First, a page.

CD's servant [Syms Covington] will work his passage to Australia.
Returns a curious stone, of which he hopes to publish an account. [See Volcanic islands, p. 38.]
My dear Sir
I am extremely obliged to you, for your great kindness in making enquiries respecting my servant.— But by a great chance, the day after I saw you, I made an arrangement for him to work his passage out as cook to a vessel. I am very sorry you should have taken so much trouble in vain.—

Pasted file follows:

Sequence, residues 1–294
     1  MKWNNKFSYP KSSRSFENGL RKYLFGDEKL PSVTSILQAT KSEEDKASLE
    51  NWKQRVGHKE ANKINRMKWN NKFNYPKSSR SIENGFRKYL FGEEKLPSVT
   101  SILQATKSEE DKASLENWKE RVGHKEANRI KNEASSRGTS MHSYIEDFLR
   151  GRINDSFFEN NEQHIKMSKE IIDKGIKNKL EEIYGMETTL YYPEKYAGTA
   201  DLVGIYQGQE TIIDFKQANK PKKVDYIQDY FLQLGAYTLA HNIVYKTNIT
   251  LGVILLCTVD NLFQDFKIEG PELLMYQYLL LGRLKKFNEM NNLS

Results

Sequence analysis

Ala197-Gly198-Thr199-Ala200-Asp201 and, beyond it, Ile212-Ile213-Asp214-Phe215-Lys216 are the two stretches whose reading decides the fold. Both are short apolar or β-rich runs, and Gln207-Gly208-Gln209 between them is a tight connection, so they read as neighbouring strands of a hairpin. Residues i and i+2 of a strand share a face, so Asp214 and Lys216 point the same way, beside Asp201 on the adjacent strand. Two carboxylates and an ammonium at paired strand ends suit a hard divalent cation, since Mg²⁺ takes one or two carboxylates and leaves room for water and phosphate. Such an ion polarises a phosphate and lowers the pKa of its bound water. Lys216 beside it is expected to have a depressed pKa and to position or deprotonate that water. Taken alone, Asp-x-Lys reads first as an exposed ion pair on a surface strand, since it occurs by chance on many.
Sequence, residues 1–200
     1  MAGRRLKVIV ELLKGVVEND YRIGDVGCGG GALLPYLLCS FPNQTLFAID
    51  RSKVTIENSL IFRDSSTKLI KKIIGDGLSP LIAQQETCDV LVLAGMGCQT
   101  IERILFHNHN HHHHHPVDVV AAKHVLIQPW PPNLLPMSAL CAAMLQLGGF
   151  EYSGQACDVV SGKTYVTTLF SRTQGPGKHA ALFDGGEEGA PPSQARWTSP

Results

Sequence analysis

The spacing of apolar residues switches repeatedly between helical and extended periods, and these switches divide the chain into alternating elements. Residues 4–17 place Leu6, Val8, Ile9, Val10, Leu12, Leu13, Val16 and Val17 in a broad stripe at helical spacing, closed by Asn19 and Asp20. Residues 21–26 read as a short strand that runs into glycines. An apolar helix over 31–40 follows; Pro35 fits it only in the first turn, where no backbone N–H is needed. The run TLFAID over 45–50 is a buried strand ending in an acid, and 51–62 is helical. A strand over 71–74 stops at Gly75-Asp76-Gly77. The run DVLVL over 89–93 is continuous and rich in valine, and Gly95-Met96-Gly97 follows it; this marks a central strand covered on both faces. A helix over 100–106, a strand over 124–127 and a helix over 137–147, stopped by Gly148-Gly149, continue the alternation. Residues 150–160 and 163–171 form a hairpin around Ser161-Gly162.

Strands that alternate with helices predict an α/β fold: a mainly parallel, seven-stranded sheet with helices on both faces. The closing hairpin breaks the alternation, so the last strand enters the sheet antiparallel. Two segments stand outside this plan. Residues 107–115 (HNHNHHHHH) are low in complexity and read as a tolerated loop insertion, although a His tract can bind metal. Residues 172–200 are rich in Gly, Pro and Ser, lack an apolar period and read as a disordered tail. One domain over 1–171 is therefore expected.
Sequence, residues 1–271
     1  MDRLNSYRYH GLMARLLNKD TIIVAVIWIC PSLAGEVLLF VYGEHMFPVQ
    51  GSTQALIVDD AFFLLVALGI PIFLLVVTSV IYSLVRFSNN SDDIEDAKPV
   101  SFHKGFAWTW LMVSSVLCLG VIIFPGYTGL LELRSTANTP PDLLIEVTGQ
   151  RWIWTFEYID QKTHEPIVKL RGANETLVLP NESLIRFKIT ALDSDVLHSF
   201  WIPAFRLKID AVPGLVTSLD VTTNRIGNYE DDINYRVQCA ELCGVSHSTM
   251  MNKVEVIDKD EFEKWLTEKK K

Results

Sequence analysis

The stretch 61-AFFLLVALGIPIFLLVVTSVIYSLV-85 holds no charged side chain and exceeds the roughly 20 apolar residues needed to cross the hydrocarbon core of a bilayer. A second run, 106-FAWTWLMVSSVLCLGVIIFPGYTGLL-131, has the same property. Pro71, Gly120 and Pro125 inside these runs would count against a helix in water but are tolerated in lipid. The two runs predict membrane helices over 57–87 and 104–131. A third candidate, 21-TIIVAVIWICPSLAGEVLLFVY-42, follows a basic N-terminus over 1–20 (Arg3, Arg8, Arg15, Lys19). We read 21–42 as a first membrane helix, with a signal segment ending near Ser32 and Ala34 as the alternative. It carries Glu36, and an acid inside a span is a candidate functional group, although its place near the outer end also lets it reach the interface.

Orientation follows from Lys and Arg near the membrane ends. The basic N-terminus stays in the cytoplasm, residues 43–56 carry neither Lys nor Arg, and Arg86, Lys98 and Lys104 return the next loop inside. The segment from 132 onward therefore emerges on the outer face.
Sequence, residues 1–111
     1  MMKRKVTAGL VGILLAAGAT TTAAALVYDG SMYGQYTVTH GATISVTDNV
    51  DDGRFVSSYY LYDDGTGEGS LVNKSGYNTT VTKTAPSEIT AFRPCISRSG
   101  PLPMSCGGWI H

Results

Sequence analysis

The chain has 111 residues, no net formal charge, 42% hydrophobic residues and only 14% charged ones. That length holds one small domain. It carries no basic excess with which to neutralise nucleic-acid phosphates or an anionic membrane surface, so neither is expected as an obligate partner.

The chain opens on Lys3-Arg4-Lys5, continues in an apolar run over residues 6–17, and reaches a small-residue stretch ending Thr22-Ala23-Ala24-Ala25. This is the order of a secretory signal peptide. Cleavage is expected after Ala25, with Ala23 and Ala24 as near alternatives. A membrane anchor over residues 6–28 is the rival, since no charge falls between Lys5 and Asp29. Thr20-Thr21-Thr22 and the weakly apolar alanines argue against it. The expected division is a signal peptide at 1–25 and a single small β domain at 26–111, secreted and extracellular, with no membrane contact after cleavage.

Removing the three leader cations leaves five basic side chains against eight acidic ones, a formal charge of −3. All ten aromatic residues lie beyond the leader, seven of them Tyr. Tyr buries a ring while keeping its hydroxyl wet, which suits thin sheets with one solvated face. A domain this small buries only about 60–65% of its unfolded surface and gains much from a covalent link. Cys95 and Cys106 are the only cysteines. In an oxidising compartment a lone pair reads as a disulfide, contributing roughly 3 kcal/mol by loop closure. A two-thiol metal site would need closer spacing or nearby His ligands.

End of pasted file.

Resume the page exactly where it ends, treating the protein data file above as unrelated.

I enclose the curious stone, which I take much shame to myself for not having returned earlier.—but I had stored it away so carefully, that it had utterly past from my mind. I hope before very long, however, to publish a short account of it, & the woodcut, which you permitted to be taken from it.—
Believe me | Very truly yours | Chas. Darwin
12 Upper Gower St
- f1 515.f1CD describes it as a ‘volcanic bomb of obsidian’ (Volcanic islands, p. 38 and fig. 4). It has since been identified as a flanged-button tektite produced by the impact of a meteorite (Dietz 1978, p. 345).